/** This program explores Stirling's approximation to the factorial of n, also
written "n!", including to arbitrary precision. This also includes Bill
Gosper's approximation which is probably better for small numbers.
See:
https://mathworld.wolfram.com/StirlingsApproximation.html
https://en.wikipedia.org/wiki/Stirling's_approximation
Nemes,GergÅ‘, On the coefficients of the asymptotic expansion of n!,
Journal of Integer Sequences 13 (2010), no. 6, Article 10.6.6, 5 pp.
http://www.cs.uwaterloo.ca/journals/JIS/VOL13/Nemes/nemes2.pdf
*/
use pi2.frink
use e.frink
use ArbitraryPrecision.frink
/** Calculates a rough approximation of n! using Stirling's approximation,
but using arbitrary-precision functions so you know that the error is in
Stirling's approximation, and not in the numerics.
Stirling's approximation can be improved by adding additional terms.
See:
Nemes, GergÅ‘, On the coefficients of the asymptotic expansion of n!,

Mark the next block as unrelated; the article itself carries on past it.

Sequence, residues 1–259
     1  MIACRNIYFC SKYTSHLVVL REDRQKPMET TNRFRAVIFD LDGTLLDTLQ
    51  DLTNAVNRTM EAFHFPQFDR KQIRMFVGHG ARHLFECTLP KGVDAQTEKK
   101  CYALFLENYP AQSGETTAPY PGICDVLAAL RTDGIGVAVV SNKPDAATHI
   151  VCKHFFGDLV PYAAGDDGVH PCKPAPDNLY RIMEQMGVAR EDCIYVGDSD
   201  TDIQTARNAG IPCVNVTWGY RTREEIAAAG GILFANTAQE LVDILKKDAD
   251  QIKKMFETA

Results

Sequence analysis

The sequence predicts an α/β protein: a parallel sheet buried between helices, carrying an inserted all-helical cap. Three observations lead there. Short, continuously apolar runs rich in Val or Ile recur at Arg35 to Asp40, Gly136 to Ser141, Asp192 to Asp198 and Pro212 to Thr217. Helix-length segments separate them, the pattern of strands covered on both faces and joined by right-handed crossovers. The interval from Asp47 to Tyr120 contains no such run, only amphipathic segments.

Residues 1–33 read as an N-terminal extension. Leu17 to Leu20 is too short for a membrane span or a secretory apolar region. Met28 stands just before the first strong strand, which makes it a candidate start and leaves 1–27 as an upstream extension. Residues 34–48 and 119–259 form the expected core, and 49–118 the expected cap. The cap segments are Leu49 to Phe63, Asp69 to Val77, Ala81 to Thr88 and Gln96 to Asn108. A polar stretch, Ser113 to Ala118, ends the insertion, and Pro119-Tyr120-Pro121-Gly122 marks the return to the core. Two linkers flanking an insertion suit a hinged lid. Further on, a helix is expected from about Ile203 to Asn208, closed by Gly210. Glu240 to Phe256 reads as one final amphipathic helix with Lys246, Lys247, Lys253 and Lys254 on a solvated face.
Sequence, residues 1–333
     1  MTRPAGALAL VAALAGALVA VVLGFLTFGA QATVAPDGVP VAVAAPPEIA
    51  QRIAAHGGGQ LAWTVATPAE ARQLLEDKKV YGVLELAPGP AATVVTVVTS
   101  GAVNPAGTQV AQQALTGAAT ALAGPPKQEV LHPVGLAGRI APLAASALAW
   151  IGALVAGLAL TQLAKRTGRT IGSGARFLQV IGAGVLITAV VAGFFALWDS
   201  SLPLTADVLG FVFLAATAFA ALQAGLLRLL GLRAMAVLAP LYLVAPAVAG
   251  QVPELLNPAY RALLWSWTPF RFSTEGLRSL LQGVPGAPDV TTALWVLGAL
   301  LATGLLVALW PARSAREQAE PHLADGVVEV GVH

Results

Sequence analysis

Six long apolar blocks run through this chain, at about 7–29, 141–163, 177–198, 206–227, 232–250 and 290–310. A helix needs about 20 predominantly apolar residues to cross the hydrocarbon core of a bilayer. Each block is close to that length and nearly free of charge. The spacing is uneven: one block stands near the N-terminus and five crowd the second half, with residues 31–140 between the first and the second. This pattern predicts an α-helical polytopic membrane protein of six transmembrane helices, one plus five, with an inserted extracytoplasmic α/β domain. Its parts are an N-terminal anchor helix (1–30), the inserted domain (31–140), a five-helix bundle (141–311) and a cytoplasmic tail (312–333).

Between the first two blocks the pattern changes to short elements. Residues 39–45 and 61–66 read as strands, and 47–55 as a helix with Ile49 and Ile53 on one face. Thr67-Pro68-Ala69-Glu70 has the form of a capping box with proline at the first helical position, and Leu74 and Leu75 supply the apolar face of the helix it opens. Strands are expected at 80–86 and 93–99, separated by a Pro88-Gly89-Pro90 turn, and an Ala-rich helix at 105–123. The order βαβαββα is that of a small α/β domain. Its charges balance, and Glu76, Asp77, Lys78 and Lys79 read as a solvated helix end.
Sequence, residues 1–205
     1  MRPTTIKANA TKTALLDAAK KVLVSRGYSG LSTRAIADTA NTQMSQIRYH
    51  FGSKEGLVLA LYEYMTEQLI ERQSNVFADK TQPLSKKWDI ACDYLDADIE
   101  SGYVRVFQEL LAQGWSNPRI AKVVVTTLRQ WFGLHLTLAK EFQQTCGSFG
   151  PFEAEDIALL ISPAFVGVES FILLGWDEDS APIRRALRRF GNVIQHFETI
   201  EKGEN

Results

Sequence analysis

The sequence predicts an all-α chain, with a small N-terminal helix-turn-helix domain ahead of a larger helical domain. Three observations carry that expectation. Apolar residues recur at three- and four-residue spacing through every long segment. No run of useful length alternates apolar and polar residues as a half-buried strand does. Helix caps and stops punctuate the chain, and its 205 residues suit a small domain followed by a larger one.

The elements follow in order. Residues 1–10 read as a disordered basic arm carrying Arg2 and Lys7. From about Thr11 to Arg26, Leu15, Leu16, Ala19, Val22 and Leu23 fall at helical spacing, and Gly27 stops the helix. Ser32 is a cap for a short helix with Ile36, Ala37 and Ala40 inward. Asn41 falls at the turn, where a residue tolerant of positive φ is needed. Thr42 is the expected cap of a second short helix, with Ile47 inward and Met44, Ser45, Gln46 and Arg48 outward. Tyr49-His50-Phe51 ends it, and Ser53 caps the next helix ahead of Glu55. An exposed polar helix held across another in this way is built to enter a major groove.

Journal of Integer Sequences 13 (2010), no. 6, Article 10.6.6, 5 pp.
http://www.cs.uwaterloo.ca/journals/JIS/VOL13/Nemes/nemes2.pdf
The coefficents in the Nemes paper are somewhat complicated to derive, but
the first 4 terms usually suffice for improved accuracy when n is large.
A program that derives the coefficients is found in
StirlingCoefficients.frink
*/
factorialStirling[n, digits, additionalTerms=true] :=
{
prec = getPrecision[]
try
{
setPrecision[digits]
pi2 = Pi.get2Pi[digits]
if additionalTerms == true
prod = 1 + 1/(12 n) + 1/(288 n^2) - 139/(51840 n^3) - 571/(2488320 n^4)
else
prod = 1
return sqrt[pi2, digits] arbitraryPow[n, n+1/2, digits] arbitraryExp[-n] prod
}
finally
{
setPrecision[prec]
}
}
/** Calculates interval bounds of n! using Stirling's approximation,
using arbitrary-precision functions so you know that the error is in
Stirling's approximation, and not in the numerics. This version gives you
an interval that provides the upper and lower bounds of the result.
TODO: Increase the bounds with additional terms?
*/
factorialStirlingBounds[n, digits] :=
{
pi2 = Pi.get2Pi[digits]
pow = sqrt[pi2, digits] arbitraryPow[n, n+1/2, digits]
lower = arbitraryExp[-n + 1/(12 n+1)]
upper = arbitraryExp[-n + 1/(12 n)]
return new interval[pow lower, pow upper]
}
/** Calculates Gosper's formula for n! which works better for small numbers
especially. */
factorialGosper[n, digits] :=
{
pi = Pi.getPi[digits]
return sqrt[(2n + 1/3) pi, digits] arbitraryPow[n,n] arbitraryExp[-n]
}